1. The continuing airworthiness of aircraft and components shall be ensured in accordancewiththeprovisionsofAnnexI. 2. Organisationsandpersonnelinvolvedinthecontinuingairworthinessofaircraftand components,includingmaintenance,shallcomplywiththeprovisionsofAnnexIand whereappropriatethosespecifiedinArticles4and5. 3. Byderogationfromparagraph1,thecontinuingairworthinessofaircraftholdinga permittoflyshallbeensuredonthebasisofthespecificcontinuingairworthiness Part 145 AMC145.A.10Scope arrangements as defined in the permit to fly issued in accordance with the Annex (Part-21)toCommissionRegulation(EC)N1702/2003. 4. Foraircraftnotusedincommercialairtransport,anyairworthinessreviewcertificate AMC 145.A.10 Scope orequivalentdocumentissuedinaccordancewiththeMemberStaterequirements and valid on 28 September 2008 shall be valid until its expiration date or until 28 1. September2009,whichevercomesfirst.Aftertheexpirationofitsvalidity,thecomLine Maintenance should be understood as any maintenance that is carried out beforeflighttoensurethattheaircraftisfitfortheintendedflight. petent authority may further re-issue or extend one time the airworthiness review certificate or equivalent document for one year, if allowed by the Member State (a) Line Maintenancemayinclude: requirements.Uponfurtherexpiration,thecompetentauthoritymayfurtherre-issue Troubleshooting. orextendonemoretimetheairworthinessreviewcertificateorequivalentdocument foroneyear,ifallowedbytheMemberStaterequirements.Nofurtherre-issuanceor Defectrectification. extensionisallowed.Iftheprovisionsofthispointhavebeenused,whentransfer Component replacement with use of external test equipment if required. ringtheregistrationoftheaircraftwithintheEU,anewairworthinessreviewcertifiComponentreplacementmayincludecomponentssuchasenginesandprocateshallbeissuedinaccordancewithM.A.904. pellers.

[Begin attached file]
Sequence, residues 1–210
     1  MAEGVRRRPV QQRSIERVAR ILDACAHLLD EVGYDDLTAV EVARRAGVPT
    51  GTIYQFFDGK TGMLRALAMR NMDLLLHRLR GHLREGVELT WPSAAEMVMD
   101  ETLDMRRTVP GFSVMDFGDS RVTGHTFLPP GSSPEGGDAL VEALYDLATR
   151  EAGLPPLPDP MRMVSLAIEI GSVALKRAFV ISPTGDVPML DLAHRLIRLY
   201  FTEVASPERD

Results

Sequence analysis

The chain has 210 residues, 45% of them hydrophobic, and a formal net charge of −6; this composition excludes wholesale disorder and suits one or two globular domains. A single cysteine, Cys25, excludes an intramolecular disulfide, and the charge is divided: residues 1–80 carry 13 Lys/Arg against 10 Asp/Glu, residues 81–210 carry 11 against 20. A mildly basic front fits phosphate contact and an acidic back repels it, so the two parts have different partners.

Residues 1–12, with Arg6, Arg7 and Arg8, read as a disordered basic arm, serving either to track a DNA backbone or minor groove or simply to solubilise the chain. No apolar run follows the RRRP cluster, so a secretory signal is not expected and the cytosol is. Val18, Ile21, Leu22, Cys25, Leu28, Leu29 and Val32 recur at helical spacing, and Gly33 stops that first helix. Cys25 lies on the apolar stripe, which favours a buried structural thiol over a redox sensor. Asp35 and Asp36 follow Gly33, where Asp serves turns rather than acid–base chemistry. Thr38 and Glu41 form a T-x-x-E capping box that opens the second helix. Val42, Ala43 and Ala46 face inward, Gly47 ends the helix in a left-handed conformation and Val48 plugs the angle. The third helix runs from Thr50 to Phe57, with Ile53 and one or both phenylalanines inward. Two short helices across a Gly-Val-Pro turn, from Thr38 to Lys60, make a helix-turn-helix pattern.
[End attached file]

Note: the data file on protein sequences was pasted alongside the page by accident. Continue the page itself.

AMC Acceptable Means of Compliance [pages with thick yellow bars (light grey)]